A mixed picture for APAC MRO

MRO Asia-Pacific conference goes online and participants paint a decidedly mixed picture of the state of the industry and the outlook


Use this oneThere were no cocktail parties or dinners at this year’s MRO Asia-Pacific trade conference, which, like dozens of other shows, was forced to cancel its in-person event and move everything online. And the messages from participants were mixed, with some saying the industry was in the worst of times while others, usually ones in markets with domestic commercial traffic like Japan, China and India, said they were muddling through the COVID-19 pandemic and were able to soldier on.

(SOURCE: Oliver Wyman)

MROs that specialise in lease returns however said they were having to resort to virtual inspections with clients for planes coming off lease, interior specialists said they were seeing interest mainly in cabin decontamination while others added that airlines have been expressing interest in additional passenger-to-freighter conversions.

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In a recovery roundtable panel, Alan Tang, the general manager for MRO at HK Express, said his organisation was still facing a “challenging situation” and the “one question we have now is how we can get a better picture of what’s coming ahead in the next three to six months…do we park aircraft so we can reactivate them quickly or do we move them into storage.” Tang said the airline has about half its fleet “in active storage” so “if we need to reactivate them it will take three days or less”.

(SOURCE: Oliver Wyman)

Andreas Meisel, CEO of China Aircraft Services (CASL), said his group was concentrating on Hong Kong-based customers, working on a parking programme for clients and said the group’s business aviation unit was “doing a lot of work”. Anand Bhaskar at Air Works in India said his company was “slightly better off in India thanks to domestic traffic” and thanks to the company’s defence MRO work as well. He said the company was helping customers with avionics upgrades as well as handling lease return inspections as Indian airlines transition from A320ceos to A320neos. He said “thankfully our heavy-check business on the commercial side is doing well” and the company’s “hangers are full”. “One more saving grace is our defence maintenance business and that is ensuring we keep smiles on our faces.”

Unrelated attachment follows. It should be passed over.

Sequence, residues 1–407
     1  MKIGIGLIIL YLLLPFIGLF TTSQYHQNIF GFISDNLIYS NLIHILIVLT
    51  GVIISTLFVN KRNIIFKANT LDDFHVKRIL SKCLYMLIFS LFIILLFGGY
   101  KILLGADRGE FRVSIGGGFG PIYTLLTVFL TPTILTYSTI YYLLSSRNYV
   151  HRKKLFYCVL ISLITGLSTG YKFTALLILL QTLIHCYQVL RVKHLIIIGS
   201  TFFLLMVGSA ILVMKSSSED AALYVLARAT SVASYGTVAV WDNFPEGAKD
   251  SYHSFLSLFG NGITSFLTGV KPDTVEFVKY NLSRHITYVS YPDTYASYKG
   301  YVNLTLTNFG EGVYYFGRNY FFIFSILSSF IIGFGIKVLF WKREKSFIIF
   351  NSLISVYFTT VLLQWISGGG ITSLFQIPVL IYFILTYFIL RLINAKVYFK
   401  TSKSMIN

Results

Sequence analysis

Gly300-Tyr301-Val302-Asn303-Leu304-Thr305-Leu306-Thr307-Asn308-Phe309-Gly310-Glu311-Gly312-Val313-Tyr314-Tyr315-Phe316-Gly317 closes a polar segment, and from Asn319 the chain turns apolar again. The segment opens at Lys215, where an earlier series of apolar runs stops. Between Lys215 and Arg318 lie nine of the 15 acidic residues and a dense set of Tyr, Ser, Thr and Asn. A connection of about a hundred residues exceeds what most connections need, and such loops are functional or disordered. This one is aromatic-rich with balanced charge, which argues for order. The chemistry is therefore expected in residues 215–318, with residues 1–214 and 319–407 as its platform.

MRO companies told the assembled online audience they were moving ahead with digitalisation efforts and with training in anticipation of an uptick in work if and when airlines start flying again, at least internationally. The companies also said they were not seeing airlines bring “work forward” because everyone is in a cash preservation mode” and most agreed that the MRO industry will get far worse before it get better.

Engine Market

A Pratt & Whitney engine. (PHOTO: Pratt & Whitney)

On the engine side of the MRO market, OEMs and MRO companies alike said they were seeing “some signs” of recovery even though the first half of the year was down about 50 percent on engine flying hours. Asia-Pacific is a unique region because while it was one of the first to suffer from the pandemic, it also is one of the first to at least begin the recovery process in places like China and Japan where domestic markets are helping the industry stave off the worst of the shutdown in aviation.

“Regional markets are the healthiest markets we see at the moment,” said Alex Youngs at SandardAero. “Domestic aviation is still healthy. Airlines are looking at the cost of operations and focussing on how much it costs to get a plane up and flying. We see this in the US and Europe as well.”

(PHOTO: Rolls-Royce)